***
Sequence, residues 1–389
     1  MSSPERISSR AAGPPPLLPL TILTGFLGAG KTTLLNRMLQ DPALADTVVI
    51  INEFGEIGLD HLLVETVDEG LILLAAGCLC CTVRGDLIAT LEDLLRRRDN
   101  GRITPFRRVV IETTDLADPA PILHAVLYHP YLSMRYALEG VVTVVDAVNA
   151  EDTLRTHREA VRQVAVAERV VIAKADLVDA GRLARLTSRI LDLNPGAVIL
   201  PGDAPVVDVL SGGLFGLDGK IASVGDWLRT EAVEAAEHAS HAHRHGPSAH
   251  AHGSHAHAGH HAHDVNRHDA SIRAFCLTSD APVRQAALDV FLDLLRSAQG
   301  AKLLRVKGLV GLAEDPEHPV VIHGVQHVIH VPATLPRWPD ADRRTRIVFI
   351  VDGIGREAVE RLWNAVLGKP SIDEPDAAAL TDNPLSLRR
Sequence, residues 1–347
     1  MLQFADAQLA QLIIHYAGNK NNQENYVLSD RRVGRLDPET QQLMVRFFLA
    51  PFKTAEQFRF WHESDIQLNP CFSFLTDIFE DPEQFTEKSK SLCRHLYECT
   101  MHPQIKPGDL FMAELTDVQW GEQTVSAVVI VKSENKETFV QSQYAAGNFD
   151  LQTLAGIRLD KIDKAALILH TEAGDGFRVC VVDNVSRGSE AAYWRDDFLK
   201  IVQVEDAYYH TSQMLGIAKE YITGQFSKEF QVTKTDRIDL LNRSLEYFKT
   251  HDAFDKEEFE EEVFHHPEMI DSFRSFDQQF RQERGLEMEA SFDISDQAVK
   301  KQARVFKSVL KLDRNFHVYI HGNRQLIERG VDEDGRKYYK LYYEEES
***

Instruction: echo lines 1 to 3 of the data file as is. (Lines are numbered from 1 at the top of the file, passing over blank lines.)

Sequence, residues 1–389
     1  MSSPERISSR AAGPPPLLPL TILTGFLGAG KTTLLNRMLQ DPALADTVVI
    51  INEFGEIGLD HLLVETVDEG LILLAAGCLC CTVRGDLIAT LEDLLRRRDN